Ryno Fourie, aka thecarphotographer.co.za, focused on automotive photography after he completed his studies. He loves being behind the camera with a beautiful car in front of the lens. In this piece titled Racing Stripes, he gives us a brief outline of the history of racing liveries.

It is jokingly said that the first race took place 20 minutes after the second car was built, which is a cool thought. However, what we know for certain is that the first proper motor race took place in 1895 from Paris to Bordeaux, France. International racing in the modern sense began after James Gordon Bennett, owner of The New York Herald, offered a trophy to be competed for annually by national automobile clubs. Each club entered three racecars. Importantly, each was built from parts made in their respective countries.

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This proposed a challenge for event organizers and spectators, how do you identify individual racers, cars and nationalities. It became customary to paint your car in racing colours that indicated the nation of origin of the car or driver and had different numbers for teams that entered multiple vehicles.

In the early 1900s, each country had its own colour: France was blue, Belgium was yellow, Germany got white and red went to the USA. In 1902 Britain participated for the first time. We see all their national colours assigned by then. Selwyn Edge won the 1902 Gordon Bennett Cup in an olive green Napier. It was a common sight to see machinery painted green in Britain. So, in 1903 Shamrock green, better known today as ‘British Racing Green’, was adopted for British entries.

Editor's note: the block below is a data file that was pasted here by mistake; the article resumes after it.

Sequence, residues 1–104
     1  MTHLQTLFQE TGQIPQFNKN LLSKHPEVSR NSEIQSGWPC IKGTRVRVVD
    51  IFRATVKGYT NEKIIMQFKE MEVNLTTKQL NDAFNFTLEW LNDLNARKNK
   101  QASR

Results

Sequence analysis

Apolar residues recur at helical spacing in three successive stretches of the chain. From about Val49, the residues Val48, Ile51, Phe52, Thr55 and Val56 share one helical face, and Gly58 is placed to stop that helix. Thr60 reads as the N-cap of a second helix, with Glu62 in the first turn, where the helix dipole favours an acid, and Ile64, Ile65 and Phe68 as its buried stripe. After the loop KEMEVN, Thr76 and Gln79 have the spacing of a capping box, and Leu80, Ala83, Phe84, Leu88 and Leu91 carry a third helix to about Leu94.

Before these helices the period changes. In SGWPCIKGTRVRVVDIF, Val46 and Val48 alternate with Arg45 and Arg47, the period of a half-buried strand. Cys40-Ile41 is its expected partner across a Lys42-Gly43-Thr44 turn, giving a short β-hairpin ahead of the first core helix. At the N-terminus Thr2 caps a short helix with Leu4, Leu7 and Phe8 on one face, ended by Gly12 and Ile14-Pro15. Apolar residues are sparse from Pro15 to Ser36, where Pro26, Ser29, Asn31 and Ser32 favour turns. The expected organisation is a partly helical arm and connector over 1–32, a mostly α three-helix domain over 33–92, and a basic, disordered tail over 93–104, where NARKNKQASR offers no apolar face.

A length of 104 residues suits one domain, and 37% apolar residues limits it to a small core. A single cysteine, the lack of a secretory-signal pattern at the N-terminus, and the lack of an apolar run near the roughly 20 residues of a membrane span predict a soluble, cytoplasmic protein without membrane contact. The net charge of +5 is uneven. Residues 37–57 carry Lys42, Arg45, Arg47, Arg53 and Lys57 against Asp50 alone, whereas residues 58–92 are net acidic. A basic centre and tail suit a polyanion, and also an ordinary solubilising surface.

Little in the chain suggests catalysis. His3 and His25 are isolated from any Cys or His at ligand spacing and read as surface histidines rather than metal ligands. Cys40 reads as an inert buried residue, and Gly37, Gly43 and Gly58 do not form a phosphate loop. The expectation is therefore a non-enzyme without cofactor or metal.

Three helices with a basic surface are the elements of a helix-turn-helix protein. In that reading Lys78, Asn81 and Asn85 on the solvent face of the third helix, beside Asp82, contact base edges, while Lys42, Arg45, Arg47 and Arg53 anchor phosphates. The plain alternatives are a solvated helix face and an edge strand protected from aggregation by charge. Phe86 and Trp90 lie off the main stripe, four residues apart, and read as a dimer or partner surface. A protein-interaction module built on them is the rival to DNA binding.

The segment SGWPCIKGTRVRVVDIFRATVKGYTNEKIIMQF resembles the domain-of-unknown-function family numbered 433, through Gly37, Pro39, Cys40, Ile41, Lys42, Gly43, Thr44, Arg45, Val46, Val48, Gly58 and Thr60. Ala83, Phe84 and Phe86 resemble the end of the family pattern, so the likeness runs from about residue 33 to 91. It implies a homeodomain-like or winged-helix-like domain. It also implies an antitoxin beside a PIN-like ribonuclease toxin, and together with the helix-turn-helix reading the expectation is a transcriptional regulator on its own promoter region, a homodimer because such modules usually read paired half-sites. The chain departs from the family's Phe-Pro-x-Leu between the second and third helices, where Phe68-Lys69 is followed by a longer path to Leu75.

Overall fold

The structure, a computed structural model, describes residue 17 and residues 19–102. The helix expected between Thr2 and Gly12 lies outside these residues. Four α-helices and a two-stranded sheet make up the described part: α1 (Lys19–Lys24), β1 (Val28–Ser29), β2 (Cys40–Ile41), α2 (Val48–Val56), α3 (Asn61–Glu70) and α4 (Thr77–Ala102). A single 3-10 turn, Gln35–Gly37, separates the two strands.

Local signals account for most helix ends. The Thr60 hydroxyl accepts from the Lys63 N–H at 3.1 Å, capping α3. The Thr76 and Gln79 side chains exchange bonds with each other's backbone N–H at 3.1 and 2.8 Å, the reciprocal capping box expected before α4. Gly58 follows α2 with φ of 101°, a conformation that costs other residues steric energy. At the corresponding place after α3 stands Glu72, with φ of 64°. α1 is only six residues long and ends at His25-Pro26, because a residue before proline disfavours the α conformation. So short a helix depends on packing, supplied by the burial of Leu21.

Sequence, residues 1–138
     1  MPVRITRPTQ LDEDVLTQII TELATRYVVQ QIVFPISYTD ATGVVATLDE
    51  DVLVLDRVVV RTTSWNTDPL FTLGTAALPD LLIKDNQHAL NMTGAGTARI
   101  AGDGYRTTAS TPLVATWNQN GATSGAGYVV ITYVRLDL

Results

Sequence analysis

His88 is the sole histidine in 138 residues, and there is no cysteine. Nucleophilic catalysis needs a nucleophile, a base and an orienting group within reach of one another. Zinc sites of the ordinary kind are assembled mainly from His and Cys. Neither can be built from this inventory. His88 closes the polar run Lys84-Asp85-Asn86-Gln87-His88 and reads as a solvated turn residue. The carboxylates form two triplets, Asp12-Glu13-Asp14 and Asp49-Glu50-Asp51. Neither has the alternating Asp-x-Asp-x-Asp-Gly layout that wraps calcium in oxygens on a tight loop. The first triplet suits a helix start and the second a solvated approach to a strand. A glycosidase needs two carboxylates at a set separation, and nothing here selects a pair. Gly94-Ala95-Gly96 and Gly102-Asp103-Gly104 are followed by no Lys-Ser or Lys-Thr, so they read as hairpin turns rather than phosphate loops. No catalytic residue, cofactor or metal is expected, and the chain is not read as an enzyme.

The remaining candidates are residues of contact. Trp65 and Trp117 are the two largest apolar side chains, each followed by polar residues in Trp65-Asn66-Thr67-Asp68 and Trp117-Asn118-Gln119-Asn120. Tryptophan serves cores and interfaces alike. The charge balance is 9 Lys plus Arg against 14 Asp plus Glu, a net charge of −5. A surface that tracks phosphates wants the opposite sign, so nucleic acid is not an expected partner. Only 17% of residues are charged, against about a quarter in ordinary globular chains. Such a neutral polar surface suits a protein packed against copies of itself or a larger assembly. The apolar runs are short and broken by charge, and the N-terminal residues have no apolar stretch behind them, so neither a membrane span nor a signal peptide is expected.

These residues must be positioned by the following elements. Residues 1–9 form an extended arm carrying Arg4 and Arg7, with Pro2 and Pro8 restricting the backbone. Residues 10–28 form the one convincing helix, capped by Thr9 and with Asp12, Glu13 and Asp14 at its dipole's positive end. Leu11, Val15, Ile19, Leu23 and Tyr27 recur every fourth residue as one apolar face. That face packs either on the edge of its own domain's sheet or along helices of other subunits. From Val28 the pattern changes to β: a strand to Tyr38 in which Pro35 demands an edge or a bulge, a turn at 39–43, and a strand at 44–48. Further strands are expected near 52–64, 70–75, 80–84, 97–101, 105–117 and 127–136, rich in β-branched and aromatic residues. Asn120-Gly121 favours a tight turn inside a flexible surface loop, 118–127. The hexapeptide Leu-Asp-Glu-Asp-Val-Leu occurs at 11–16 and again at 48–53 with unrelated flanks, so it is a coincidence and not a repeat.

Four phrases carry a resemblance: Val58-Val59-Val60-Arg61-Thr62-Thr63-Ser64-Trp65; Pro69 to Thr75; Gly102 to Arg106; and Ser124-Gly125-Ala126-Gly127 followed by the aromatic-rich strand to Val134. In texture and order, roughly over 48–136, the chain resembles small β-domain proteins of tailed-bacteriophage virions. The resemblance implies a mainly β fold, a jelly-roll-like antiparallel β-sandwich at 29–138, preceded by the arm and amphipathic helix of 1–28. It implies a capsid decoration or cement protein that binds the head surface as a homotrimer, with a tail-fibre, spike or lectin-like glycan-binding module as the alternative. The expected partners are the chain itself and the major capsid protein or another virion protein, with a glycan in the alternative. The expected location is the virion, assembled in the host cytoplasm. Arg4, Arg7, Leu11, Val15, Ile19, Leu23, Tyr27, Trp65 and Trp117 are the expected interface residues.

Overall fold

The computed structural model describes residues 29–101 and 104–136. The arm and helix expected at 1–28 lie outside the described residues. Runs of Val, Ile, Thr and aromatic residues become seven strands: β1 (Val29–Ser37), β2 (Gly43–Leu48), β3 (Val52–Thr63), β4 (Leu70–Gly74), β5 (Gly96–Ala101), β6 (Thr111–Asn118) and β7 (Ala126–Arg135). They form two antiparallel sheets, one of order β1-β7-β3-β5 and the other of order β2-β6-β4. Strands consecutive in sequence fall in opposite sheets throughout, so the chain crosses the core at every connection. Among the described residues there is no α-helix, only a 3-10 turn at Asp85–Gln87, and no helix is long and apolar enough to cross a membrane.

Creating history

In 1907, a race took place from Peking, China to Paris. Forty teams entered but only five arrived ready to race. The teams included three French entrants, a Dutch (orange) team and Italian Prince Borghese. After 15 000 km and 61 days, Prince Borghese claimed first place in his 7,0-litre red Itala.

Since that fateful win, Italy claimed red as their national racing colour. Subsequently, Rosso Corsa (racing red) Alfa Romeo, Ferrari and Ducati victory over the decades that followed cemented the colour’s fame.

Even though most racing teams today have unique liveries and plenty of sponsor decals, there are a few that still pay homage to their origins. You will find that Mercedes-Benz or ‘Silver Arrows’ still have a predominantly silver car in most racing categories.

According to legendary Mercedes-Benz racing manager Alfred Neubauer, the name ‘Silver Arrows’ originated when he ordered the team to strip all the white, lead-based, paint from the 1934 car after scrutineering found that they were one-kilogram overweight. The next day when the press watched the exposed aluminium-bodied car cross the line in the first place. They referred to it as the ‘Silver Arrow’, and the name stuck.

Modern Liveries

South Africa is a place of many firsts. Notably, sponsorships on Grand Prix cars is one of them. Up until 1968, we see cars painted their national colours. Additionally, some cars may be painted with a manufacturer name and could see a few supplier stickers along the body.

After BP, Shell and Firestone withdrew their support teams had to find means of raising funds for their racing. Enter Dr Anton Rupert, owner of Rembrandt Group. Rupert recognised the importance of motorsport and the advertising opportunities it held.

In December 1967, Team Gunston launched and participated in a non-championship race in then the Rhodesian Grand Prix. This was a mere build-up for 1 January 1968 where Team Gunston took part in the Kyalami GP.

This noted the first time a sponsorship-liveried team competed in an event counting towards the F1 World Championship of Drivers and the International Cup for F1 Manufacturers. Racing driver John Love qualified in 17th position and finished 9th with the bright liveried Gunston Brabham BT20 LDS Mk 3.

Click here to see our gallery of famous Martini-liveried cars.

And the rest is history

Since then, more sponsors have made their way into motorsport internationally. This forms a critical part in the success and the quality of the sport. Most teams use the funds for the managing of the team and for research and development for future vehicles.

Finally, an estimated $1,19b of sponsorships spread across Formula 1 teams for 2019. Notably, Ferrari secured most of the funds for their team.